America's job market is poised for a rebound after a slowdown in March.
The Labor Department will publish the April jobs report at 8:30 a.m. ET on Friday. Here are five things to know.
1. Jobs set to bounce back in April
Economists surveyed by CNNMoney predict the U.S. economy added 190,000 jobs in April, which would be far better than the 98,000 jobs added in March. The figure for March will be revised on Friday. Experts expect the unemployment rate to hold steady at 4.5% -- its lowest point in a decade. Wage growth is expected to post a solid 2.6% gain.
2. Trump jobs under the microscope
President Donald Trump has taken credit for adding as many as 600,000 jobs, and the White House has dialed that back to 533,000 jobs. The reality is that since the president has taken office, the jobs survey has been conducted only two times -- in February and March. Counting those two months, the economy has added 317,000 jobs during his tenure. April will be Trump's third jobs report.
This is not to say the administration can take credit or blame for the job market's performance: These are just the job gains that occur during Trump's presidency.
3. Manufacturing jobs looking good so far
Trump's focus on creating more manufacturing jobs seems to be encouraging factory owners. They've added 37,000 manufacturing jobs in Trump's first two reports. The sector lost 32,000 jobs in the same two months last year.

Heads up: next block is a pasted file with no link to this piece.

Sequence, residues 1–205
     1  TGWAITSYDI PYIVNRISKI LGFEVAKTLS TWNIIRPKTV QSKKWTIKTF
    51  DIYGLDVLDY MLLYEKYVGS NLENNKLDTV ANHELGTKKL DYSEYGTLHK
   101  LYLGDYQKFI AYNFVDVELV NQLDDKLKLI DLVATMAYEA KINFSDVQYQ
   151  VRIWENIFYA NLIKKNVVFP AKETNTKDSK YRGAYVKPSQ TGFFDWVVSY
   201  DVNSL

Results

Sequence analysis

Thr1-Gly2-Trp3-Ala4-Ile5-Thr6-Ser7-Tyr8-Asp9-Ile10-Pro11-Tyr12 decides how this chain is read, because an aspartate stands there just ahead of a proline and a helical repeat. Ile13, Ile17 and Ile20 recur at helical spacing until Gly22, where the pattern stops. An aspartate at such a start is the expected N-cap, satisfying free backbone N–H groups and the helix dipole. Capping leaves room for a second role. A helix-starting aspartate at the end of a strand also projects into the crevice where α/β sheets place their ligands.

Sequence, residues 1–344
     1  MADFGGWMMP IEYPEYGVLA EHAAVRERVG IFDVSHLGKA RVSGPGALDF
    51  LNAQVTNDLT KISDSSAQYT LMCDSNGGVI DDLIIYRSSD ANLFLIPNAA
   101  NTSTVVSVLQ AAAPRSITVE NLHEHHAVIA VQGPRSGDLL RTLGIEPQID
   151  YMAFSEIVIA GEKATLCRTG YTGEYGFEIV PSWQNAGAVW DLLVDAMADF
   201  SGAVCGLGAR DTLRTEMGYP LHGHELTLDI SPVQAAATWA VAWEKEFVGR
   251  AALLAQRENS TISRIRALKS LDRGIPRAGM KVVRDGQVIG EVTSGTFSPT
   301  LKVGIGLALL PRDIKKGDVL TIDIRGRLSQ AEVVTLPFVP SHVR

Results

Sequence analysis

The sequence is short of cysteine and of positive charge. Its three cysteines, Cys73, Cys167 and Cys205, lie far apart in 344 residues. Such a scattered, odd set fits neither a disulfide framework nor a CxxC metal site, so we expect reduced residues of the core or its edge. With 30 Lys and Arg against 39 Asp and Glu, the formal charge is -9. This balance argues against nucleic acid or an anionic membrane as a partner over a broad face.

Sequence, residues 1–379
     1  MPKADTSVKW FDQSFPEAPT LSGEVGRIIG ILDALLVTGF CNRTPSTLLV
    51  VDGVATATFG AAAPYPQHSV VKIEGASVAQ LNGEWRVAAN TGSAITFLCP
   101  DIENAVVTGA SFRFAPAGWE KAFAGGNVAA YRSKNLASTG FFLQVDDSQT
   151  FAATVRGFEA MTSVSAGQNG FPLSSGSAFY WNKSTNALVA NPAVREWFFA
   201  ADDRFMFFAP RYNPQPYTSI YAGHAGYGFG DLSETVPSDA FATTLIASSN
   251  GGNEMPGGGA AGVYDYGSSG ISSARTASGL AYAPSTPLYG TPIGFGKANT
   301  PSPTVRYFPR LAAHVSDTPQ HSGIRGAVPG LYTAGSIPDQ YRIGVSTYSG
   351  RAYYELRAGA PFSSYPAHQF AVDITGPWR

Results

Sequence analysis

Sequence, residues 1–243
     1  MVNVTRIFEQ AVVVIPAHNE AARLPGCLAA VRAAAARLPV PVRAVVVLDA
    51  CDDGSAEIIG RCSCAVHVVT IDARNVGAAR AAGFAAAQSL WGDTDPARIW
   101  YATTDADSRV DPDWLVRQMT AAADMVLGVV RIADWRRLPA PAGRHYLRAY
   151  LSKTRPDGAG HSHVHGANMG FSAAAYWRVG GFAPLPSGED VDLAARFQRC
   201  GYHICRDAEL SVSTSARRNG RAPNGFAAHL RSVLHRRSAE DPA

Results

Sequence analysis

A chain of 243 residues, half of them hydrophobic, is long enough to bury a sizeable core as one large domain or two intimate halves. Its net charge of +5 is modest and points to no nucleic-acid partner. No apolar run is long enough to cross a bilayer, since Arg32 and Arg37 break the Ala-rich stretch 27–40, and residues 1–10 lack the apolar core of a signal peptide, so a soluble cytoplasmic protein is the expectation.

Other factors beyond Trump's control -- such as the value of the U.S. dollar and the strength of the global economy -- influence employers' hiring decisions too. Friday's report will show if the momentum has continued.
4. The economy is in pretty good shape
Falling unemployment, rising wage growth and strong job gains in recent years have put the U.S. economy in a better spot than it has been. Growth has been slow but consistent for the last eight years.
Growth and employment prospects in the US have been much better than in Europe, the other major advanced economic bloc. US stocks -- which is one gauge of the health of the economy -- have been in a bull market since 2009.
5. But concerns about jobs persist
Still, the U.S. faces many key issues: millions of "prime age" Americans have left the job market and an unusually high number of workers have part-time jobs but want full-time jobs. While wage growth is picking up, it's well below where the Federal Reserve would like to see it -- 3.5%.